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The Chilean economy has been recognized as the most competitive of
Latin America. In general, Chile has been characterized by political and
economic stability and relatively low levels of corruption and offers one of
the most advanced physical infrastructure systems in the region. The potential
and proven track record of this economy has led to Chile’s recent
accession to the OECD as its 31st member and its first member in South
America. Not surprisingly, Chile is often a case study in economic development.
The question is whether its model will show the power of entrepreneurship as an
engine for prosperity?
Access to funding is often mentioned in meetings about how to enable high impact entrepreneurship. We are always reminded that bank lending to small businesses remains tight. Even loans subsidized by the Small Business Administration have dropped off in recent months. Venture capital was prominent historically for its role in financially catalyzing high-growth companies, but has over the years become less significant in spurring entrepreneurship. So what are angel investors up to this summer?
Like many developing countries, Bolivia has a nascent, but promising
entrepreneurial environment. The country has a good number of
institutions that offer financial and technical services that network
the country’s millions of micro-entrepreneurs. However, as readers of
this blog are well aware, data has confirmed time and again that it is
young firms that grow that provide the most benefits to society in terms
of job and wealth creation and innovation. Thus, the challenge ahead
for Bolivia is to enable more growth entrepreneurs.
In the 90s, Argentina became Latin America’s Internet center, which was a
good sign of an entrepreneurial spirit among its people. Endeavor,
the United States nonprofit that helps foster high impact
entrepreneurship, had its first success in the developing world in
Argentina just before the country’s last major financial collapse. Given
Argentina’s turbulent economic history, I thought I would take a quick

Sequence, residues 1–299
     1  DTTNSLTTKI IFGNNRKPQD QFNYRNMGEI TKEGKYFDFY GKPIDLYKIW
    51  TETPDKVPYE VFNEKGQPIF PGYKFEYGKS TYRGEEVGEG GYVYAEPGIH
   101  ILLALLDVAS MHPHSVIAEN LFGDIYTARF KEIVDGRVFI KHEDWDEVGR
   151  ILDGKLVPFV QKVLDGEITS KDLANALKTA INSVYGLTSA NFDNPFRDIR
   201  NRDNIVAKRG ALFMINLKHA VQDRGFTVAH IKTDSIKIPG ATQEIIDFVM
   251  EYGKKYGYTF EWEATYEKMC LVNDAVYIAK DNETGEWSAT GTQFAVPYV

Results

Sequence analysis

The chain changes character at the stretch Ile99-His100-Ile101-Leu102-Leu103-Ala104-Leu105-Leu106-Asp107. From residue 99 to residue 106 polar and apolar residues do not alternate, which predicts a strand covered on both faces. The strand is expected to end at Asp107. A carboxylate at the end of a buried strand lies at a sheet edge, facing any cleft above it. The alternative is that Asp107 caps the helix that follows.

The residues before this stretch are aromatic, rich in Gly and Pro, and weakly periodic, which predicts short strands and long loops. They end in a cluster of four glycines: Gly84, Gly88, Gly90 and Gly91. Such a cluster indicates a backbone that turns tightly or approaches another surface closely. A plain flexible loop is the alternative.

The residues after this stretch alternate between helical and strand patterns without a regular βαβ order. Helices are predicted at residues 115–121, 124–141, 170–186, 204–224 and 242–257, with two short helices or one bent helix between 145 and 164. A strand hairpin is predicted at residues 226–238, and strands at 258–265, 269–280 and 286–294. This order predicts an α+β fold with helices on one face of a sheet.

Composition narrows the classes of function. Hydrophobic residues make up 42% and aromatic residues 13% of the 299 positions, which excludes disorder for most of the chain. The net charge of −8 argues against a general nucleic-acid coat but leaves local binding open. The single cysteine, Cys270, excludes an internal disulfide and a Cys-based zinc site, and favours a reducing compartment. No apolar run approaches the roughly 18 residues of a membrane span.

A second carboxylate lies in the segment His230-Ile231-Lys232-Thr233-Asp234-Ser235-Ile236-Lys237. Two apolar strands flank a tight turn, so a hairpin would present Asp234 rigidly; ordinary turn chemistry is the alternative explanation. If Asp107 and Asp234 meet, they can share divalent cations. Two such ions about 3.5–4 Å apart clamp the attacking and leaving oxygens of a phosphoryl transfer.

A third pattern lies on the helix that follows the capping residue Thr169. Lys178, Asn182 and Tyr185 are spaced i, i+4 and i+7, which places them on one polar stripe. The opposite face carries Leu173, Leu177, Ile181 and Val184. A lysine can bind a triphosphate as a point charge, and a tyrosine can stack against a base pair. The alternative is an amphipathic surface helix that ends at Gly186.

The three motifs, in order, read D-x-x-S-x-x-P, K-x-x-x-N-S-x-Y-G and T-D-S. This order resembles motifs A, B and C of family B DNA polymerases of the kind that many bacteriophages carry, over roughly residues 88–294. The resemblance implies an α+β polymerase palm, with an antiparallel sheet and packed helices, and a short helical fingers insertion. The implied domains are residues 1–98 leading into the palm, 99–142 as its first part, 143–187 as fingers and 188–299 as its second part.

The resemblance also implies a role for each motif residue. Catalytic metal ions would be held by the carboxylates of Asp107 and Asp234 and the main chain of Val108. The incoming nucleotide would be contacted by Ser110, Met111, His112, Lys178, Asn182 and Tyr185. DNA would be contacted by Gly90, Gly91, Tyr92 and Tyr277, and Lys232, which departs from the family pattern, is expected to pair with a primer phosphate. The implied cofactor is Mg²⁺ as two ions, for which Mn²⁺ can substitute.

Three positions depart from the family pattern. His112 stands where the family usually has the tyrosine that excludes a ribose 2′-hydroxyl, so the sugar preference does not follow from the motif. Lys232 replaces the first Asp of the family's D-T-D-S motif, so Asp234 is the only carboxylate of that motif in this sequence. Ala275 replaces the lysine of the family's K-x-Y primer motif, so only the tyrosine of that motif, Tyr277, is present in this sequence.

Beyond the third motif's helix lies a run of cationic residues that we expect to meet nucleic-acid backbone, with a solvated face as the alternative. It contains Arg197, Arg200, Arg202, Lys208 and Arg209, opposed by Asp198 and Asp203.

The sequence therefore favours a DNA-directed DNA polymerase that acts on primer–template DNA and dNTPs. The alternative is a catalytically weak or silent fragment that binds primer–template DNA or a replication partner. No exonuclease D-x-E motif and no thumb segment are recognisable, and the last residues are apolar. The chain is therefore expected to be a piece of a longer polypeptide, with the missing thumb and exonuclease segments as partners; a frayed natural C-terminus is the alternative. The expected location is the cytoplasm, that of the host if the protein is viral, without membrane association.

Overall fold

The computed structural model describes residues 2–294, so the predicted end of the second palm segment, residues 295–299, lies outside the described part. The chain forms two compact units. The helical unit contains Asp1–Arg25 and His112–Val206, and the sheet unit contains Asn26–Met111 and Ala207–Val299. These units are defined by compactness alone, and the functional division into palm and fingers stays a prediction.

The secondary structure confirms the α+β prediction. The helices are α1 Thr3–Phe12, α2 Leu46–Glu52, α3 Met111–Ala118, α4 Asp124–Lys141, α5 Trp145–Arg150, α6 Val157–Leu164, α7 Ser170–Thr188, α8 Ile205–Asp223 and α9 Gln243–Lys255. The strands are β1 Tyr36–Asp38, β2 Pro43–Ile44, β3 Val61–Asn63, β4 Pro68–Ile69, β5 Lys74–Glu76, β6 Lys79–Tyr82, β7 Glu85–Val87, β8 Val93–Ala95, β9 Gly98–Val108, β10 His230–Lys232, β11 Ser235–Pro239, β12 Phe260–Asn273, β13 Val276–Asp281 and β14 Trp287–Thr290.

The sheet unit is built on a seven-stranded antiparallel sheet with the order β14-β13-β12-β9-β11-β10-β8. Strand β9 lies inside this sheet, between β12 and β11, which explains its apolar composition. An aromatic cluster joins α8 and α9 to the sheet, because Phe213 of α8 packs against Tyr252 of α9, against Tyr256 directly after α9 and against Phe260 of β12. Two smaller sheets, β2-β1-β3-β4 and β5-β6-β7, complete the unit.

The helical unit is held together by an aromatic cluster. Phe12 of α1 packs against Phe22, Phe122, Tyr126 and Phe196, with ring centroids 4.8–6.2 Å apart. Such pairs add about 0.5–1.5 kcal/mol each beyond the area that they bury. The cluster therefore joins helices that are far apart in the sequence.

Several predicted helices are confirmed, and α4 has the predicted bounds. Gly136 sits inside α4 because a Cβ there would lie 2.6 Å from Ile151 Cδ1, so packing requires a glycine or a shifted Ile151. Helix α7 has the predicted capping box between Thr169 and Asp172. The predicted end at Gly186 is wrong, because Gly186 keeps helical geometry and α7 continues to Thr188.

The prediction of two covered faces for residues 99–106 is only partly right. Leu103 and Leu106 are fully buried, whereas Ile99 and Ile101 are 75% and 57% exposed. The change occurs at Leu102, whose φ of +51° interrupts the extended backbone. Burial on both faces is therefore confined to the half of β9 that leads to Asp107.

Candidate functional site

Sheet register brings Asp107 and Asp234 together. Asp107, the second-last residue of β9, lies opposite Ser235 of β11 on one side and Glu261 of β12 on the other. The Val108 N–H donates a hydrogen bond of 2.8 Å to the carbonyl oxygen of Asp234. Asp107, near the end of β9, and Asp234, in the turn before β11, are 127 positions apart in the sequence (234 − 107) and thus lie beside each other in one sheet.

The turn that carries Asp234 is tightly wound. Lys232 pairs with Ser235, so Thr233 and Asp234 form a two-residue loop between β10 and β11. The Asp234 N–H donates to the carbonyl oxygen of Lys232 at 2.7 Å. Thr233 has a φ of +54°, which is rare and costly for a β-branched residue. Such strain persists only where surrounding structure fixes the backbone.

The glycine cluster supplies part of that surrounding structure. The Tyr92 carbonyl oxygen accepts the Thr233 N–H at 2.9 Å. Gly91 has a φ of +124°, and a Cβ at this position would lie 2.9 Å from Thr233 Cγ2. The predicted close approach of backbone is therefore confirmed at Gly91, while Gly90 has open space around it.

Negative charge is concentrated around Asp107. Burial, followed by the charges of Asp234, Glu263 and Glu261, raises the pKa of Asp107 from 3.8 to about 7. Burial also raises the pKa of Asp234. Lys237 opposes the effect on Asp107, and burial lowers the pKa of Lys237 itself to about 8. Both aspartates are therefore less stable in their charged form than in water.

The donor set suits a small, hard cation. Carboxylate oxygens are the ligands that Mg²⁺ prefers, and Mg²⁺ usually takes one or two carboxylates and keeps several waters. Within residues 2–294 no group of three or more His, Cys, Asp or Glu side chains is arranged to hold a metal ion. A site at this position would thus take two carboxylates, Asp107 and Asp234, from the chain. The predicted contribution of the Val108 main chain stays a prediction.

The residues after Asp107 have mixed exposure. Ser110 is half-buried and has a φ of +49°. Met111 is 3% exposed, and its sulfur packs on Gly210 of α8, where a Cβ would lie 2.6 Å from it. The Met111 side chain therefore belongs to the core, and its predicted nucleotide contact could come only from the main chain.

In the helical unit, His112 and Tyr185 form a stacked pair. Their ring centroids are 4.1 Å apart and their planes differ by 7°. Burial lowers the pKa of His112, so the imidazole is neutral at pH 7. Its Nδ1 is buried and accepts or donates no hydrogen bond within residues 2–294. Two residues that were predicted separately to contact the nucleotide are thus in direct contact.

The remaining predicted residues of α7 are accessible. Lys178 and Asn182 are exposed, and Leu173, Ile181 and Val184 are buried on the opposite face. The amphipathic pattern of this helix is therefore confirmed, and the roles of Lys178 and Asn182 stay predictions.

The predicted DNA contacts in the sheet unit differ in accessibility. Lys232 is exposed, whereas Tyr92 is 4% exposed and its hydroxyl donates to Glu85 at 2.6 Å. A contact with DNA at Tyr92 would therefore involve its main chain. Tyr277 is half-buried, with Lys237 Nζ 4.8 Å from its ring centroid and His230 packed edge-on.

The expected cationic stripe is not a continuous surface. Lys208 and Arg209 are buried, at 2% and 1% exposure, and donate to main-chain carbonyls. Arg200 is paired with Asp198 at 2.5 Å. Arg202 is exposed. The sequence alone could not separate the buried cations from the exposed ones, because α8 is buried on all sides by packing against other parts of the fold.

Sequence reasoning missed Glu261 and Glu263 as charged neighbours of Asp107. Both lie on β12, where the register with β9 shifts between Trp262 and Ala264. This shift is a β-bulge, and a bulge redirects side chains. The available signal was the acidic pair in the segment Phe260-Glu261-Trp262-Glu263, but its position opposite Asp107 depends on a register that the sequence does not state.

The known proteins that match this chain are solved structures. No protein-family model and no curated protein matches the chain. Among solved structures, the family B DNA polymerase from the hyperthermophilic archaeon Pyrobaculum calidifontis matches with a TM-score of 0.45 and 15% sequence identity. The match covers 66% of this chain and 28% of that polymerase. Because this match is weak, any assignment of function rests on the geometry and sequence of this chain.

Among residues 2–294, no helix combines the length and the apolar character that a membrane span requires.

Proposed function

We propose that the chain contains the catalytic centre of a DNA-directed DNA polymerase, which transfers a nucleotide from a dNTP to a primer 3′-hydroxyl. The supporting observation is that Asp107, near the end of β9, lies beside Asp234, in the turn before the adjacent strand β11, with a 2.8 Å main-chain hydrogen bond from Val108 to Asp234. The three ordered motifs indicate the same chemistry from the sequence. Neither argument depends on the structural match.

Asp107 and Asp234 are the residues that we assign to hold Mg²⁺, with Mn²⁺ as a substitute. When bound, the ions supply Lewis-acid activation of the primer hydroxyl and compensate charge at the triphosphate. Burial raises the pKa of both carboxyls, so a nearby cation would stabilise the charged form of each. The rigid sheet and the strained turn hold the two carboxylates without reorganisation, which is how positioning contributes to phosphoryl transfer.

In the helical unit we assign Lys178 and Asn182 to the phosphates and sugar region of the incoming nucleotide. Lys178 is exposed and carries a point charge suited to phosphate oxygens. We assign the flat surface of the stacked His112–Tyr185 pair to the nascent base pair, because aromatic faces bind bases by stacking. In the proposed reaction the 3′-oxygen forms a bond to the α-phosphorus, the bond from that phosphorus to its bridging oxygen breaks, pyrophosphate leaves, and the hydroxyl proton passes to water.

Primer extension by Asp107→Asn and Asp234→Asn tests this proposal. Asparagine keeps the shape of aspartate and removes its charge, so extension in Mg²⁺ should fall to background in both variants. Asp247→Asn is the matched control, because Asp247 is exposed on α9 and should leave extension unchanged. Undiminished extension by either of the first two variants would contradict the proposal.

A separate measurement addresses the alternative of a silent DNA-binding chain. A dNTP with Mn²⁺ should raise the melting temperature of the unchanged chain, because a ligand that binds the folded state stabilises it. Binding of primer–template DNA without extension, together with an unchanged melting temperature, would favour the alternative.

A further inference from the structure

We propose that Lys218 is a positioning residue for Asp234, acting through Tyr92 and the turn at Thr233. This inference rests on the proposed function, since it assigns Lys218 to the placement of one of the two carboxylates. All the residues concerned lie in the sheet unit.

look at the role of entrepreneurs over the past 10 years since
Argentina’s Internet startup boom.
The China we knew as the enormous economy largely fueled by cheap labor and inexpensive manufacturing has changed. Though happening slowly compared to its potential, China is becoming one of the most innovative economies on the planet and the birthplace of entrepreneurs like Robin Li, CEO of Baidu, who are entrepreneurial rock stars at home and around the world. Entrepreneurial capitalism seems to be taking hold in China. How is entrepreneurship overcoming the roadblocks of a planned economy?
I have just returned today from a short visit to South Korea where I addressed an international conference and met with various universities both in Seoul and Daejeon Valley – described to me by locals as Korea’s Silicon Valley.
Visitors arriving at Seoul’s acclaimed airport can only be impressed by its sophisticated application of technology into everyday lives. The train I rode from Seoul to Daejoen cruised at 300 Kilometers per hour, every taxi in Seoul was clean and paid for with a back seat touchpad card reader and the urban planning seemed super smart with local government being placed in beautiful floating structures on the river and national government being moved altogether out of Seoul.
Last week I participated in an interesting gathering in Washington, DC of top medical and policy experts who issued a new health care manifesto that might be of interest to entrepreneurs in the space. Hosted by the Council for American Medical Innovation, FasterCures and the Kauffman Foundation, the 2010 Translational Medicine Alliance Forum (TMAF) brought together leaders from academia, government agencies, and pharmaceutical, biotechnology, and venture industries to discuss models to enable and accelerate the progress of translational medicine.
I returned this weekend from the Aspen Institute’s annual meeting of development entrepreneurs in New York where fresh thinkers were hard at work looking for new approaches to impactful international economic development. USAID Administrator Dr. Rajiv Shah sought out the opportunity to present his new vision for his agency, and Carl Schramm, President of the Kauffman Foundation, challenged the traditional strategic and intellectual platform that has driven the tired policies of decades of Washington consensus thinking around how we stimulate global economic growth.
The past few months have brought a new series of reports dissecting the job creation phenomenon by new firms, timely at a time when so much of the economic discussion lately in the U.S. has focused on strategies to recover the roughly 8 million jobs lost during this past recession. We already knew that research has firmly established that new firms—those no more than five years old—over the past three decades have been responsible for virtually all of the net new jobs created in the U.S. economy (see 2009 reports “Jobs Created from Business Startups in the United States,” and “Where Will The Jobs Come From?”). As the nation debates this leading up to the mid-term elections in the United States, let’s further examine U.S. job growth and its relationship to startup companies.
While the global financial crisis impacted almost all new entrepreneurs, it began in developed countries and hit their entrepreneurs harder. As a result, in richer countries, new business creation dropped sharply amid the crisis. In contrast, new business registrations in many low-income countries didn't change much. These are the findings in The 2010 World Bank Group Entrepreneurship Snapshots, which presents data collected about newly registered companies in 112 countries and was released recently.
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